Meditation is the practice of creating peace with oneself and occurs when the mind is calm and silent. This practice dates back to around 1500 B.C. There are a few different ways to approach meditation, but the most common form for beginners is through mindfulness meditation. Mindfulness meditation is a simple way to ease into growing your practice and can help open up your mind to other styles of meditation later on. There are many physical and mental benefits that come from practicing meditation on a consistent basis.
- Help relieve stress
- Lower blood pressure
- Improve sleeping habits
- Gain clarity and peace of mind
- Increase energy levels
Before you begin any type of meditation you will need to find a quiet place away from any distractions. Make sure to put away and turn off any technology that may interrupt your practice. When choosing your meditation spot you should find a place where you can relax and one that you can visit on a consistent basis. The more frequently you meditate in a repeated location the more comfortable and at ease you will be to take your meditation to a deeper level. Feel free to use a cushion or blanket to sit on while you meditate or simply take a seat on the ground.
After you pick a location, take a seat with legs loosely crossed and sit upright. Palms rest facing down on the tops of your thighs and eyes will shut as you begin to concentrate on your breath moving in and out through your nose. Tuck your chin in a little to create added length to the back of your neck and relax your jaw.
Once settled, place one palm over your heart and one over your belly. Feel your heart beating into one palm as your belly fills and empties in the other. Keep your hands here and engage your pranayama, Sanskrit for breathing, to calm the mind and prepare it for meditation. The most common form of pranayama is 4-4-4-4 breathing. This means you will fill up your lungs as you count to 4, pause at the top for 4 seconds, exhale for 4, and hold at the bottom of your breath for 4 seconds. Keep breathing like this for 10 rounds.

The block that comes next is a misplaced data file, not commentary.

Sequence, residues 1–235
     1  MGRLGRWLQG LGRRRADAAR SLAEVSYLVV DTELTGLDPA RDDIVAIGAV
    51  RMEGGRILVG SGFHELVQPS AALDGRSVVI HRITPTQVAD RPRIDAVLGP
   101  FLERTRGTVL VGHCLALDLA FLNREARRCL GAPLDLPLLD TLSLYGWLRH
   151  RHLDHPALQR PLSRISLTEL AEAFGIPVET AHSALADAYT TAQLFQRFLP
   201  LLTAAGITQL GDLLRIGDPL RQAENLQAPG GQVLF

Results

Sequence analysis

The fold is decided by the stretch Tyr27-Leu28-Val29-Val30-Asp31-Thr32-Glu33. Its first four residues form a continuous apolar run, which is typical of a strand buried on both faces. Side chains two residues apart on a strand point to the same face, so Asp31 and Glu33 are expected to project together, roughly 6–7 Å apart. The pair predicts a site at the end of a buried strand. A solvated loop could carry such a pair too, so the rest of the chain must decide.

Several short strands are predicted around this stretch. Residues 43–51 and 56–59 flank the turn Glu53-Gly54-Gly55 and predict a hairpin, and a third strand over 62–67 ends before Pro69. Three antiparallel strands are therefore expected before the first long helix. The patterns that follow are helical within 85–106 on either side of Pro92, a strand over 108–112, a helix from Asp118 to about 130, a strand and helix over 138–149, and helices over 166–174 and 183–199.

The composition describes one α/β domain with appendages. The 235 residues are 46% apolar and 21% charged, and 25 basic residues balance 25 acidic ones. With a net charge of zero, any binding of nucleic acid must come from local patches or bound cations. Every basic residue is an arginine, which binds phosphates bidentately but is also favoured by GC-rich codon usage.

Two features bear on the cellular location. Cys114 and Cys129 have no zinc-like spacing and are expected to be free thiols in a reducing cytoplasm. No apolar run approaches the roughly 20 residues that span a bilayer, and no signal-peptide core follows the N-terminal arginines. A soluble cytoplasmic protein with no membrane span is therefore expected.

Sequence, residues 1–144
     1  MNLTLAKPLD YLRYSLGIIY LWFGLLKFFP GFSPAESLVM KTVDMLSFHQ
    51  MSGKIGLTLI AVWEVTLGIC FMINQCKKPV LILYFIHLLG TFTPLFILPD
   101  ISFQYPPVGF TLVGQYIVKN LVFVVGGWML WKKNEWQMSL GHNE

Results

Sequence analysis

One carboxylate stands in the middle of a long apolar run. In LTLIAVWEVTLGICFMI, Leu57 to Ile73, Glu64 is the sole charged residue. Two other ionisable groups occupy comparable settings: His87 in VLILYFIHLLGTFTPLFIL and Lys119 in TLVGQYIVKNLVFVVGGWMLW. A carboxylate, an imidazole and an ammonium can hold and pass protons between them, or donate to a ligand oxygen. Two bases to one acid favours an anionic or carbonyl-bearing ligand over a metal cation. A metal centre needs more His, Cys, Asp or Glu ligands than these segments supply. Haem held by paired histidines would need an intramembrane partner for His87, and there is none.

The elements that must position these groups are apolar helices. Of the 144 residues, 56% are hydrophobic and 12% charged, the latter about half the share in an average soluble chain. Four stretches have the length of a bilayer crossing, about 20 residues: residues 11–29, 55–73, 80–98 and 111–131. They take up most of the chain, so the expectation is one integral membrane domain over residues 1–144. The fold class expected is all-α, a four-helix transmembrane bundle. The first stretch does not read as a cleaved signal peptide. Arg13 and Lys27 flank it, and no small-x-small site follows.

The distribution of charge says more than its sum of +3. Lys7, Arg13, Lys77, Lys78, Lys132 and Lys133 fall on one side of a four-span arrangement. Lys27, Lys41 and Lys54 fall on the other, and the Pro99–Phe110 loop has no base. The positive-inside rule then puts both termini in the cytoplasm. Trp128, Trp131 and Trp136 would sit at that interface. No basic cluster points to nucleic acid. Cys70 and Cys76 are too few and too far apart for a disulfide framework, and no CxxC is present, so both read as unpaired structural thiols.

Release your hands back to your thighs, palms can face down again or palms can face up as you connect your index finger to your thumb creating your Jnana (juh–nah-nuh) Mudra. This mudra will clear the mind and improve concentration. Find stillness in your thoughts, bringing awareness to your breath and its natural movement, rising and falling in your chest. Bring attention to your third eye, the spot between your eyebrows, as you silence your mind. This may be difficult to do at first, but remember it’s okay if thoughts come and go throughout your meditation. Allow yourself to gently acknowledge those thoughts and then release them, just like waves rolling in and out on a beach. Welcome any miscellaneous thoughts with a light heart and let them be taken back out to sea.
Let your body ground itself to the Earth below you as you continue to find stillness for 5 more minutes. It’s okay if your practice ends up short or past the remaining 5 minutes. Once you find yourself slowly starting to bring yourself back to the present, bring your hands to your heart’s center so that your palms face one another. Give yourself permission to slip away from what your day has in store and allow yourself to enjoy a brief moment of peace. Slowly blink your eyes awake as you complete your meditation. Note that this is your practice and there are no rights or wrongs. Your practice will continue to develop the more you meditate. Consistency is key to meditation rather than how long the duration of meditation lasts.